Wednesday, September 30, 2009

Studies Warn Of Rising Health Insurance Costs And Numbers Of Uninsured

Recent studies underscored two essential reasons health care reform is imperative. The Kaiser Family Foundation found that costs for health care continue to mount, outstripping wages:

The Kaiser study... found that the average premium for a family policy offered at work rose above $13,300 in 2009 — up from $5,800 in 1999. The average employer paid more than $9,800 of that, while the workers contributed more than $3,500. The workers were also hit with larger co-payments and deductibles, while their policies often offered fewer benefits.

The premium increase this year was a relatively modest 5 percent, far below the 13 percent rate in two previous years. But that still far outpaced a 3.1 percent growth in wages and a small decrease in inflation. Absent meaningful reform, worse is sure to come.

Kaiser estimates that, if increases revert to the average of the last 10 years, health insurance premiums in 2019 will average a whopping $30,800, which it calls “a very scary number.” More immediately, a fifth of the employers surveyed said they are very likely to increase the amount that employees pay for premiums next year.

A Treasury Department study focused on the danger many Americans face in losing coverage:

It found that, between 1997 and 2006, 48 percent of nonelderly Americans went without health insurance for at least one month, 41 percent lacked coverage for at least six months and 36 percent were uncovered for a year or more. That happened during a decade of strong economic growth. The number of uninsured is likely to be higher over the next decade, the study warns.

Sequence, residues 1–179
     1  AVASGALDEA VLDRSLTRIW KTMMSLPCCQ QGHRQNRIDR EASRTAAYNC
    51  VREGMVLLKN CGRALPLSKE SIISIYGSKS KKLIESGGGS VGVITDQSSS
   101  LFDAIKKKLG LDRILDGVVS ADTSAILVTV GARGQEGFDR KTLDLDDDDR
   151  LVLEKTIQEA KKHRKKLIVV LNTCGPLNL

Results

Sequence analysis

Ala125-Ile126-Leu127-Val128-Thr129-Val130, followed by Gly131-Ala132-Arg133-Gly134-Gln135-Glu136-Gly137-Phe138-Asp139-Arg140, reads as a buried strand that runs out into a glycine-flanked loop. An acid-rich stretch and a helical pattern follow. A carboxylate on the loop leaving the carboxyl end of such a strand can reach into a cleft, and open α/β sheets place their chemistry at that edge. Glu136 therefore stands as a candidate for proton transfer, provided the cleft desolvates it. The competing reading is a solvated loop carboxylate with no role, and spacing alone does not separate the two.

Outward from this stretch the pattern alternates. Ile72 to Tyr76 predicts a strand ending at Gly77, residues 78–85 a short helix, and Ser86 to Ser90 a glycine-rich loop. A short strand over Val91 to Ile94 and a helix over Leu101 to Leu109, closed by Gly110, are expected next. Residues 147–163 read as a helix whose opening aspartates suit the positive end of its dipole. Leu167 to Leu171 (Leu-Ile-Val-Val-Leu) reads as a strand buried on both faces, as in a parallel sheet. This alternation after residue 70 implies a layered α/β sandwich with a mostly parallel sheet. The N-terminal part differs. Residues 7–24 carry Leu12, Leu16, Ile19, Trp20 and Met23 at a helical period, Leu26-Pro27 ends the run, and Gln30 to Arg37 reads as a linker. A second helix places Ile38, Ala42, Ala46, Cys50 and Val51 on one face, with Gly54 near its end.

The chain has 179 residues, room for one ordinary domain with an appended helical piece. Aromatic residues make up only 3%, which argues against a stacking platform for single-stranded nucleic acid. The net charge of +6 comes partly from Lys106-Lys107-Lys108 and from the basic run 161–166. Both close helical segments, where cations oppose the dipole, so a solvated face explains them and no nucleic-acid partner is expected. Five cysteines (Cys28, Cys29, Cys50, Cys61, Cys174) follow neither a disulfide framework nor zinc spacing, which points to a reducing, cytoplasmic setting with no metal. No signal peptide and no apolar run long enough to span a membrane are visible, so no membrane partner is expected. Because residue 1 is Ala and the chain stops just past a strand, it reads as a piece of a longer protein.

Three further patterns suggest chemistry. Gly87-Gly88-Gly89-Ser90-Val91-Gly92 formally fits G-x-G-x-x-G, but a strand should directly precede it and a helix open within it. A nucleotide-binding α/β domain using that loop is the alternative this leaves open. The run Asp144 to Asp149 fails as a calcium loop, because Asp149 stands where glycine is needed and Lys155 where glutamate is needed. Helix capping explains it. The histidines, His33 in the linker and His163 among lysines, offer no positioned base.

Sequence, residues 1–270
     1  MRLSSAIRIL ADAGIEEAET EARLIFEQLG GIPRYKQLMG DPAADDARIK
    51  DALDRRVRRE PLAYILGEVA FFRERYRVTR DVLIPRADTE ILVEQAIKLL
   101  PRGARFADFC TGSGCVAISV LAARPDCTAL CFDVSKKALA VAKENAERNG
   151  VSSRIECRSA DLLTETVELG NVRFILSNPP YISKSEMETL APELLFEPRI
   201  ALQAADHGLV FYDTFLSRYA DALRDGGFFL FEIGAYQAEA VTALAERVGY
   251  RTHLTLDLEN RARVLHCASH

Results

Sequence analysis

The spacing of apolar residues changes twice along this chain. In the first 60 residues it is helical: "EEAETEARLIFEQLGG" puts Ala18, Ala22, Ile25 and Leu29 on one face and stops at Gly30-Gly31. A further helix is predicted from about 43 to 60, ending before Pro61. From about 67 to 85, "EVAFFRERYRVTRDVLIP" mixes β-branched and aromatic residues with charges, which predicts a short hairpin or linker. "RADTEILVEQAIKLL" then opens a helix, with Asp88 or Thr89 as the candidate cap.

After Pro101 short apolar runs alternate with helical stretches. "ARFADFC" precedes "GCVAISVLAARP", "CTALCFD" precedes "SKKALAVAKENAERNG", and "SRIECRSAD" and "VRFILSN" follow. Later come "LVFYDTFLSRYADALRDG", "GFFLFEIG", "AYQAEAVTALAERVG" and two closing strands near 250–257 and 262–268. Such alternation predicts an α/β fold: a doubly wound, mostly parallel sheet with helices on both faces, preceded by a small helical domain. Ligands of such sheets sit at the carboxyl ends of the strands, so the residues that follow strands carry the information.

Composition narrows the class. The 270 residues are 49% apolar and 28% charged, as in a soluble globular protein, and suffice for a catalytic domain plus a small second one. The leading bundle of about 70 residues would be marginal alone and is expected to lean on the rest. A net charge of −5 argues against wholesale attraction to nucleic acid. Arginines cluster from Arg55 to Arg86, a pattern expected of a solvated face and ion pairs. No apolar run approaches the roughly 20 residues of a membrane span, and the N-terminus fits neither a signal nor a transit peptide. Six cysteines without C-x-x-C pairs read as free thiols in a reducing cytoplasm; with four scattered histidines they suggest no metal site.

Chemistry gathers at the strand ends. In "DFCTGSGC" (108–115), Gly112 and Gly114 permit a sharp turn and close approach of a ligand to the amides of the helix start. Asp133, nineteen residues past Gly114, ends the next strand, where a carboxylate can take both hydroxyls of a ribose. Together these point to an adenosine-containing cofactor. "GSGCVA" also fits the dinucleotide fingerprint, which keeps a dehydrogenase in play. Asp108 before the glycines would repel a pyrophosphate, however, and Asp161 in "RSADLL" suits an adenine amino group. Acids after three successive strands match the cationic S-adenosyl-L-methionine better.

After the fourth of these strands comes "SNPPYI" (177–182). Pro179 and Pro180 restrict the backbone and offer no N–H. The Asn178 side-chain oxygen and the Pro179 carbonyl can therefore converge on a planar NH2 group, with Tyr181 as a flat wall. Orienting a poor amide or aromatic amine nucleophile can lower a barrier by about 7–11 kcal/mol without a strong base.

The irony is that those protesting health care reform are no less vulnerable to losing coverage than anyone else. The Nation recounted how one conservative, Kenneth Gladney (above), was particularly unfortunate to have no health insurance:

Spare a thought, and maybe even a dime, for Kenneth Gladney. In August he and other members of the right-wing St. Louis Tea Party arrived at a town-hall meeting organized by Missouri Democrat Russ Carnahan to lobby against universal healthcare. In the spirit of this fraught summer, a fight broke out, ending in six arrests.

Who threw the first punch depends on whom you ask. But who got the worst of it was fairly clear. Gladney was taken to the emergency room with injuries to his knee, back, elbow, shoulder and face and ended up in a wheelchair. His troubles were just beginning. Recently laid off, this particular anti-health reform protester, it turned out, had no health insurance. Last heard, he was still accepting donations for his medical expenses.

Tuesday, September 29, 2009

Liz Cheney: Another Inhabitant Of Planet Cheney

Liz Cheney, whose opinions on national security are the same as her father's, recently told Sam Donaldson of ABC's "This Week," "Waterboarding isn't torture, and we can go down that path. The lack of seriousness here is important."